copper, phosphorus and many other minerals for nutritive purposes. In their organic state as in uncooked foods we can use them. But when cooking has reduced them to ash or an inorganic state, they're just as poisonous as if taken from sea-water, soil, or rock. Luscious ripe fruits have no toxic factors whatsoever. When we eat them, we experience only harmony and peace in the digestive tract and feel great! Our Natural Foods Have Aesthetic or Sensory Appeal If you were in a state of nature without the aid of fire, cook-stove, mixers, blenders and other agencies that alter foods, what would appeal to you as food you'd eat? Let us say you had before you chickens and cattle, rice and wheat grains, some potatoes and cabbages plus some fruits such as red delicious apples, ripened yellow bananas, a plethora of red, yellow, black and purple grapes ripe from vine, melons of all kinds and oranges. Would you grab a chicken with your bare hands, crush it and start eating it, flesh, skin, blood, bones, offal and all, as carnivores do? Could you do that? Would you suckle the cow? Would you start chewing on the hard grains of wheat or rice? Would you relish the potatoes raw in their starchy condition? Would you eat the cabbage and meet your needs on it. Do you think you'd get any calories out of its fibrous leaves? Or would you find the fruits delightful to the eye and smell? Would your olfactory senses delight in the smell of ripe bananas or in the smell of blood and offal? Would your senses guide you to a redolent melon or draw you to the cow and her smell of dung? Those foods to which we are biologically adapted have great eye appeal, being beautiful to behold. Likewise, they tantalize the sense of smell in their natural state. That which appeals to you as food by appearance, taste and smell, as nature delivers it up to you, is your natural food. Our Natural Foods Must be Gustatory Delights Foods of our biological/physiological adaptation are keenly relished in their natural state. In nature, we were without containers, tools, fire and appliances. We were fruit gatherers and consumers exclusively. There is nothing in nature that can be appreciated in its uncooked ripe state in the way that fruits can be relished. Our Natural Food Must be Easy of Digestion Perhaps no other food in nature digests so easily and quickly as a watermelon. If you eat a large amount of succulent watermelon, you'll be making your first trip to the commode within 30 to 40 minutes, an indication of the rapidity with which your digestive system handled it. On the other hand, if you eat a piece of flesh, it may be in the stomach for four to five hours! By that time, it may be putrefying as much as it is digesting.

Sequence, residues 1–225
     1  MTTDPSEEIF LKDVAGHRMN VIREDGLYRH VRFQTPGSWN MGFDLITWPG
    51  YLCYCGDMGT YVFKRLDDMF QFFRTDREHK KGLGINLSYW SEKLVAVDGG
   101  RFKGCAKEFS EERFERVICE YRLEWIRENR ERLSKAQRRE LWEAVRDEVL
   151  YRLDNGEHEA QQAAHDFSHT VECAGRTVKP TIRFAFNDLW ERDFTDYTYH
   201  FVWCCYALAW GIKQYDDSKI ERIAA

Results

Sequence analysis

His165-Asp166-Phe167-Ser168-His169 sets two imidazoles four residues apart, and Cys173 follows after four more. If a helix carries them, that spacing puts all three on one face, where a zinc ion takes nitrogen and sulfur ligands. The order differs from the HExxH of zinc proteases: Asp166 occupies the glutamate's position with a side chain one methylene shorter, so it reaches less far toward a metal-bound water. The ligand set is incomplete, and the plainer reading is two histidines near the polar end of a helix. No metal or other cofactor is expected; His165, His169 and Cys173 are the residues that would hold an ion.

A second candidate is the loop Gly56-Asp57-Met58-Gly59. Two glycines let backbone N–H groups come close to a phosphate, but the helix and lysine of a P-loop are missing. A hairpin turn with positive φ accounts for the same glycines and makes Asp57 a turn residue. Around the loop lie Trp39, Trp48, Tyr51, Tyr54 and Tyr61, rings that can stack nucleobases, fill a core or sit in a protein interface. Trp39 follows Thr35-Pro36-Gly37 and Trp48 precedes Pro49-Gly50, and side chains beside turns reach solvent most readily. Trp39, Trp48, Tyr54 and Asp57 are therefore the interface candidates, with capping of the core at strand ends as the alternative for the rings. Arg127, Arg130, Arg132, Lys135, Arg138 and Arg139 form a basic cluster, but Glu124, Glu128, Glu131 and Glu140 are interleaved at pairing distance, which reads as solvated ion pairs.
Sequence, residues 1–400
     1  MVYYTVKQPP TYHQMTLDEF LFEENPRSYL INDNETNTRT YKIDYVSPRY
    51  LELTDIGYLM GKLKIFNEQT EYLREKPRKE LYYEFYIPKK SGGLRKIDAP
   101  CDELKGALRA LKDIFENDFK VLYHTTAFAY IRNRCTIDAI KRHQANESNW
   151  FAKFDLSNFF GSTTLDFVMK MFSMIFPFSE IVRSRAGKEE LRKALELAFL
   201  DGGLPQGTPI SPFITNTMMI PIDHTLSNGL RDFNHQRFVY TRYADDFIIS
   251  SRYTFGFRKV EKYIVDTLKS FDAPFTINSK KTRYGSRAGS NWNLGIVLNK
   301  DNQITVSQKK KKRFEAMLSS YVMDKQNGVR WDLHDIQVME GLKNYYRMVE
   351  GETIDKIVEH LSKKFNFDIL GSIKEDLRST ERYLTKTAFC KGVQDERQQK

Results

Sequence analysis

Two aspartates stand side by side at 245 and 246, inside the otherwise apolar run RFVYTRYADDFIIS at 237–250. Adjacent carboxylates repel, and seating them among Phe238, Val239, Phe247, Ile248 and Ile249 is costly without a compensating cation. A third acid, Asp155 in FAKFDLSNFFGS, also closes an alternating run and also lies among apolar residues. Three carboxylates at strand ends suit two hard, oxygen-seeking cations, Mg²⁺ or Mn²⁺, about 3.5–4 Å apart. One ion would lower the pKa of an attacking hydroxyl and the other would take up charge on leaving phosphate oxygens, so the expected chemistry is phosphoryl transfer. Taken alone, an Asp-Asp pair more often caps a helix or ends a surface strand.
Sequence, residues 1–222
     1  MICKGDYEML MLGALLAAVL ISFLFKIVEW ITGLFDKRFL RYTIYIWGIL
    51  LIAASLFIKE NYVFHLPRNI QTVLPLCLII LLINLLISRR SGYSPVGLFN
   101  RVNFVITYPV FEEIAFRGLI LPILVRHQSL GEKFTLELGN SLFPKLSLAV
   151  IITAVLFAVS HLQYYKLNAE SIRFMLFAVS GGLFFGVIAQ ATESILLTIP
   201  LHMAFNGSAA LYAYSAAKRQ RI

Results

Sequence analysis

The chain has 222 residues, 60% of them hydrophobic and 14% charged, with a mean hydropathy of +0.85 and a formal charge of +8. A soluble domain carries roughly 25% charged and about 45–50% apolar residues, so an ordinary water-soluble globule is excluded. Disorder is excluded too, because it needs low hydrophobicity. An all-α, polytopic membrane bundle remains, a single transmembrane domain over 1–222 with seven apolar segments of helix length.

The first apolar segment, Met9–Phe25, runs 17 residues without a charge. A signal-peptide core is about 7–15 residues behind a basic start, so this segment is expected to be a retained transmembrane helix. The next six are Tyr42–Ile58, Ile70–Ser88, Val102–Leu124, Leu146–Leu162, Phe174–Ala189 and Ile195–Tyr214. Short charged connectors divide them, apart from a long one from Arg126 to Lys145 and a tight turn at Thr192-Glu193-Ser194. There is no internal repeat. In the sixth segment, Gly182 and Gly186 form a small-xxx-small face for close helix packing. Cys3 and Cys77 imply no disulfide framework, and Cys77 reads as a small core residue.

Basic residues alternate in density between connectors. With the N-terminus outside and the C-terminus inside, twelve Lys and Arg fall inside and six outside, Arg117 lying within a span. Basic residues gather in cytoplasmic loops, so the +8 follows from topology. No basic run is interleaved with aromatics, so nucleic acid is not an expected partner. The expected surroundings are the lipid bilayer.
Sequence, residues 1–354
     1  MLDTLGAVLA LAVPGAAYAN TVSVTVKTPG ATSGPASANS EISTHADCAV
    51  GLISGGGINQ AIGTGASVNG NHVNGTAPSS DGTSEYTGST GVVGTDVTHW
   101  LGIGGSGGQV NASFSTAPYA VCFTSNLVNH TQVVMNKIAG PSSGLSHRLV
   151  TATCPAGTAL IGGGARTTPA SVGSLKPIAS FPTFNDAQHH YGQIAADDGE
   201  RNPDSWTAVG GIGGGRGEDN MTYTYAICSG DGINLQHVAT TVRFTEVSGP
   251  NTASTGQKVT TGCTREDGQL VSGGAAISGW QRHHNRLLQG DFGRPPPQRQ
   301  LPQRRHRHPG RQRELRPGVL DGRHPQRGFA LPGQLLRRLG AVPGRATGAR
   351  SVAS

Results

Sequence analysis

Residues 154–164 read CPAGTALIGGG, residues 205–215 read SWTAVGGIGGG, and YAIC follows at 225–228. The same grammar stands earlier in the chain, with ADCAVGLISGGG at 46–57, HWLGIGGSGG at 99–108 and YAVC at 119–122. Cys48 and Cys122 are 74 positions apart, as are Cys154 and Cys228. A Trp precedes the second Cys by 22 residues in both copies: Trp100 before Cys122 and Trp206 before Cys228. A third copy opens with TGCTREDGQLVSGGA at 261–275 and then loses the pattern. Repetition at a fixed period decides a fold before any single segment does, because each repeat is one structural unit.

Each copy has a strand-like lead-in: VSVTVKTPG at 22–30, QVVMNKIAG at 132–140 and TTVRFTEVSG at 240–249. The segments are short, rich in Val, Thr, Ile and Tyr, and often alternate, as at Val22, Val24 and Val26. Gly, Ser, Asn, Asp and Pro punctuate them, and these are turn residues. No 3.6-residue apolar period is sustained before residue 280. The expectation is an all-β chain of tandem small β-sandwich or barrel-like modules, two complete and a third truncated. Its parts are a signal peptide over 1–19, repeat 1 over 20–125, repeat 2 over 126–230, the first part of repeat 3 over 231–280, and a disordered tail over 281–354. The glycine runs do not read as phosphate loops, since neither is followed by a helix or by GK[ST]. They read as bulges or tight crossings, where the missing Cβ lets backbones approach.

Why should this be so? Foods of our natural adaptation are readily absorbed and assimilated. We can absorb only monosaccharides such as fructose and glucose, amino acids and lipids. Other food elements are absorbed as a part of these three basics. In the case of watermelon, no digestion is necessary. It is already in the form of the monosaccharides fructose and glucose that are easily absorbed and used. Meat is in the form of fats and complex proteins. Both fats and proteins take from four to six hours to break down into lipids and amino acids. This process occurs very quickly in the digestive tract of a carnivore that secretes copious amounts of hydrochloric acids, lipidase, pepsin, etc. Thus you can see that fruits, which contain mostly monosaccharides in the form of glucose and fructose, are the foods that we handle most quickly and easily. Should you eat a starch food, the body must laboriously convert it to glucose before the body can absorb it. This process also takes quite some time. The conversion of starch to glucose is a very complicated digestive task for which humans are poorly equipped. We have only one starch- splitting enzyme, ptyalin (salivary amylase and/or pancreatic amylase) whereas true starch eaters have several starch- splitting enzymes. Our Natural Foods are Most Efficiently Digested and Utilized Ease of digestion necessarily implies efficiency of digestion. However, there is another aspect of efficiency. Food contains a certain energy potential. To derive this energy, the body must expend energy to obtain it. The ratio of the energy obtained from a food relative to the energy expended in its metabolization determines the ratio of digestive efficiency. For instance, we expend a mere 30 calories of energy in the process of appropriation, chewing, absorbing, transporting and assimilating 400 calories of watermelon. On the other hand, we must expend about 280 calories in the digestion of meat to obtain 400 calories of fat. The efficiency with which we handle foods with monosaccharides versus the inefficiency with which we handle protein foods indicates most emphatically the types of food to which we are naturally adapted. In these examples, we may say the watermelon is 92.5% efficient and meat is handled with an efficiency of about 30%. In processing food for use, we expend two kinds of energy: Nerve energy and metabolic energy (which is further divisible into chemical and mechanical energies). In processing foods to which we are biologically adapted, as in watermelon, very little nerve energy is expended. When the body is given digestive tasks as difficult as meat, tremendous amounts of nerve energy are used. In fact, so much nerve energy is involved in handling meat and its toxic load that the body is distressed. This is observable in the stimulated feelings experienced after meat eating that are similar to caffeine ingestion. Later a depression, letdown or "hangover" may ensue. More sleep is required to help recoup the extra nerve energy expended in handling the meat and its toxic